Mark Foyʼs

 

 

 

 

 

 

A furniture catalogue from around 1901 claimed that Mark Foy’s could supply the front door mat, back door mat and every item of home furnishing in between.

Most Sydneysiders associate Mark Foy’s with its impressive former home, now used as the District Court, covering almost a complete block of the city on the corners of Liverpool, Elizabeth and Castlereagh Streets.

But Mark Foy’s first retail outlet in Sydney was a short stroll up the road in Oxford Street. It was established in 1885 by Francis (1856?-1918) and his brother Mark Foy (1865-1950) and named in honour of their father who had run a drapers store in Bendigo and then Melbourne. Following the death of Mark Foy senior (1830-1884), the operation of his store in the Melbourne suburb of Collingwood was taken over by his partner William Gibson and became the well-known department store Foy & Gibson.

The innovative and flamboyant Francis Foy drove the company in its first decades. The Oxford Street store was extended just two years after it was established, a London buying office was set up in 1890 and the business moved from being a draper to a department store. As well as clothing, fashion accessories and jewellery, Mark Foy’s supplied all manner of home furnishings. A furniture catalogue (TCQ 749.20491 MAR) from around 1901 claimed that Mark Foy’s could supply the front door mat, back door mat and every item of home furnishing in between. Departments represented in the catalogue include: furniture, art drapings, beds and bedding, carpets and linoleum, crockery glassware and furnishing ironmongery, lamps and lampware, toilet ware, refrigerators and kerosene stoves.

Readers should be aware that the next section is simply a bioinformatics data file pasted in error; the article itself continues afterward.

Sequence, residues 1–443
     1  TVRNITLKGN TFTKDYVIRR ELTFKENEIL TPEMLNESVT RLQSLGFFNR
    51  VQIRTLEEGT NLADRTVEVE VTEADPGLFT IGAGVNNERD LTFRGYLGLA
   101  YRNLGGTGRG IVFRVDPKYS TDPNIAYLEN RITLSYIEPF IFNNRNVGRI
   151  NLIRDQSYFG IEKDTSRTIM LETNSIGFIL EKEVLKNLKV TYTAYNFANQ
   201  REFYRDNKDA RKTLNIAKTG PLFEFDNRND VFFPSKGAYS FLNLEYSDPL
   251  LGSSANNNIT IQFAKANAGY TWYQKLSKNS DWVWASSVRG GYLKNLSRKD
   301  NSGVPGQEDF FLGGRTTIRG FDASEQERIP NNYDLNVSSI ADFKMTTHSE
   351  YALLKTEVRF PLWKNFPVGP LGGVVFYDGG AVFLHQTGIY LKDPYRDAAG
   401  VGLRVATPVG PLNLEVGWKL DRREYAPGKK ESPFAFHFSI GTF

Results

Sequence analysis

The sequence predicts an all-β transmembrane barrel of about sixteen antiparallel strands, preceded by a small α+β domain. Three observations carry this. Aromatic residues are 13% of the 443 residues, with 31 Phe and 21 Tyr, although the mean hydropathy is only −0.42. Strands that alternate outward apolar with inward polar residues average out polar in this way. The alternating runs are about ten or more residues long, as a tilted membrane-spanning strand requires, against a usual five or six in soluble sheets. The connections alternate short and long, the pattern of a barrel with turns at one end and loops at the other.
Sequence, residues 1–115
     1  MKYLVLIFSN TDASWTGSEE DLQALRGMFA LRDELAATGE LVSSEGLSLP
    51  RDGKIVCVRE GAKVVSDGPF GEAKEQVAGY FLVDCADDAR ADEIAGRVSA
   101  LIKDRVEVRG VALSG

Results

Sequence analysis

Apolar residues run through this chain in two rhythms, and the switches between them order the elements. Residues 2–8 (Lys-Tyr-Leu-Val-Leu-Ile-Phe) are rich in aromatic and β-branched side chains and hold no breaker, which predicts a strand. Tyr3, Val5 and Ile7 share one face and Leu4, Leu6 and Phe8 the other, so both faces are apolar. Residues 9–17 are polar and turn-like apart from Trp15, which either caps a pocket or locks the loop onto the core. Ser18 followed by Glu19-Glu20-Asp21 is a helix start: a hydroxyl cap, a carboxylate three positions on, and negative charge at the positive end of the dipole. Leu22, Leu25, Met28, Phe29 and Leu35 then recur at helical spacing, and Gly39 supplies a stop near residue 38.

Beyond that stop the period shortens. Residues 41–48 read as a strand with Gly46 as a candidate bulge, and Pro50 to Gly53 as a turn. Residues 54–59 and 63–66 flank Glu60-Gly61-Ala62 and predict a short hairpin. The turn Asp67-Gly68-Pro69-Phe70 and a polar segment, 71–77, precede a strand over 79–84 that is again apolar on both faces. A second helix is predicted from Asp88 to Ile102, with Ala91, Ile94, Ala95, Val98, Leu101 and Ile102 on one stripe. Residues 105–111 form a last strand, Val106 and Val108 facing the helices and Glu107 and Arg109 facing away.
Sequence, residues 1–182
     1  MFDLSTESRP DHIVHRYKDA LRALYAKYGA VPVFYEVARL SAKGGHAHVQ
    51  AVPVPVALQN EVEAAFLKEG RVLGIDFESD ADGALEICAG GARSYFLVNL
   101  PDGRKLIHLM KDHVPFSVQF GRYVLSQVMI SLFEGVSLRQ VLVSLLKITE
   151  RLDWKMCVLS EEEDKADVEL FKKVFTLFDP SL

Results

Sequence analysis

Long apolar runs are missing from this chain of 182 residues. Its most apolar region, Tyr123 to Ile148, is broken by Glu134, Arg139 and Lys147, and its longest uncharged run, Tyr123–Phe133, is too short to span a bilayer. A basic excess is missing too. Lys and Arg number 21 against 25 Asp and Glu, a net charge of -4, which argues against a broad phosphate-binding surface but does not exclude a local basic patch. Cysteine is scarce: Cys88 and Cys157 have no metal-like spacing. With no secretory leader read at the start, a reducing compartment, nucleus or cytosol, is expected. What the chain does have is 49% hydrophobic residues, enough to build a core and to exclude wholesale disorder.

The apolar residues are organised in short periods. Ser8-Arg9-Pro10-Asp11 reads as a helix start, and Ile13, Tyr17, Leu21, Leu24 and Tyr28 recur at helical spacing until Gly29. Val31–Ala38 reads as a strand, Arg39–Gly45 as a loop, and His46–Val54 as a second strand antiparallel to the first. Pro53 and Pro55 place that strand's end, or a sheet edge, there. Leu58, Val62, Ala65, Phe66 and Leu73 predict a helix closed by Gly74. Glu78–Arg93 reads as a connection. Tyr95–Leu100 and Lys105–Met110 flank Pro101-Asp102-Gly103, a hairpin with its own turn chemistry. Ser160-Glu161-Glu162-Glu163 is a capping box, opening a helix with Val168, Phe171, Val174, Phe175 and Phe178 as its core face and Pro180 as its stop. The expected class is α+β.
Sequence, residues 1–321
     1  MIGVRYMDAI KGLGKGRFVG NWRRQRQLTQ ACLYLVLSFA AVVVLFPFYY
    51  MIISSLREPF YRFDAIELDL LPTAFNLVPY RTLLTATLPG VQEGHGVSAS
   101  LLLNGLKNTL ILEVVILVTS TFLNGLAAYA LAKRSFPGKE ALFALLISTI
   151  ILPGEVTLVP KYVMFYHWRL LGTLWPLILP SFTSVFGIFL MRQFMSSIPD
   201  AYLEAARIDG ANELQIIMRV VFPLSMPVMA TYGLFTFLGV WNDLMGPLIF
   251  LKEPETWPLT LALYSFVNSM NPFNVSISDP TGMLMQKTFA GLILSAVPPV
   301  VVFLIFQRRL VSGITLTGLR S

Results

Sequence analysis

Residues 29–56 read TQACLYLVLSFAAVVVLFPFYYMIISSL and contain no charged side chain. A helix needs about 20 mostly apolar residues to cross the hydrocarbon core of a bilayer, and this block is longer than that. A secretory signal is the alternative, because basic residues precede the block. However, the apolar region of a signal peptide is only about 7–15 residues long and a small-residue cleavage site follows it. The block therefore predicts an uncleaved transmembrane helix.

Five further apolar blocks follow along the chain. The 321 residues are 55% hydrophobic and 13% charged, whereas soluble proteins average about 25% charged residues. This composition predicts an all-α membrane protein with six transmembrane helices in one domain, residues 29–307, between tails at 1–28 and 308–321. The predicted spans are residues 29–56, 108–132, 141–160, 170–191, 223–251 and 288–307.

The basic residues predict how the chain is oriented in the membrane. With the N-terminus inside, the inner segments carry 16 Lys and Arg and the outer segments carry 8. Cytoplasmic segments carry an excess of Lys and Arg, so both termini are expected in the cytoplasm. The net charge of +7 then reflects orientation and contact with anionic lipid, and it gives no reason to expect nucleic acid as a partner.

Mark Foy’s massive new store, mentioned above, was opened in 1908. Known as ‘The Piazza’ and designed by architects McCredie & Anderson, the three-storey store (two floors + basement) with turreted mansard roof was partly modeled on the grand Bon Marche department store in Paris. Business was so brisk that another new building was erected in 1913 on the eastern side of Liverpool and Elizabeth Streets to house the furniture and carpet departments, and then one year later yet another building was constructed nearby in Elizabeth Street for ironmongery and hardware. A knitting factory and bulk store were erected in Goulburn Street in 1920 and the ‘Target’ woollen mill was established in the Sydney suburb of Mascot in 1921. Finally, architects H.E. Ross & Rowe made considerable extensions to the main store in 1927-30, creating a six-storey building but keeping the style sympathetic to the original.

Mark Foy’s benefited from being located next to the Museum underground railway station constructed in 1926. Francis Foy had chosen the site well, the architects even making provision in the original 1908 design for a subway entrance to connect the station directly to the store. By 1926, Mark Foy’s Autumn/Winter catalogue (TC 658.871 MAR/1) indicates its range of goods had expanded to encompass sporting goods, a pharmacy, perfumery, optometrist, hairdressing saloon, florist, framers, stationery and book department, toys, luggage, brushware, kitchenware and tools. The 1932 catalogue (TC 658.871 MAR/2) added a mail order and delivery service for groceries.

Mark Foy’s fortunes began to suffer after 1960, like many large city retailers, due to a number of factors including changing demographics and shopping patterns. In 1968, the company was taken over by McDowells Ltd which was in turn acquired by Waltons in 1972. The store traded under the Mark Foy’s name until leased by Grace Bros in 1980. In 1983 Grace Bros closed its doors and retailing finally ceased at the ‘Piazza’ building.

Related materials:

To see all the Mark Foys material held by the Caroline Simpson Library & Research Collection, go to the library catalogue:
MARK FOYS catalogues etc

 

View this fully digitised catalogue on Internet Archive

The home beautiful
The cover of: Mark Foys Ltd., The home beautiful, Sydney, c1915 Caroline Simpson Library & Research Collection, Sydney Living Museums [TC 749.20491 MAR]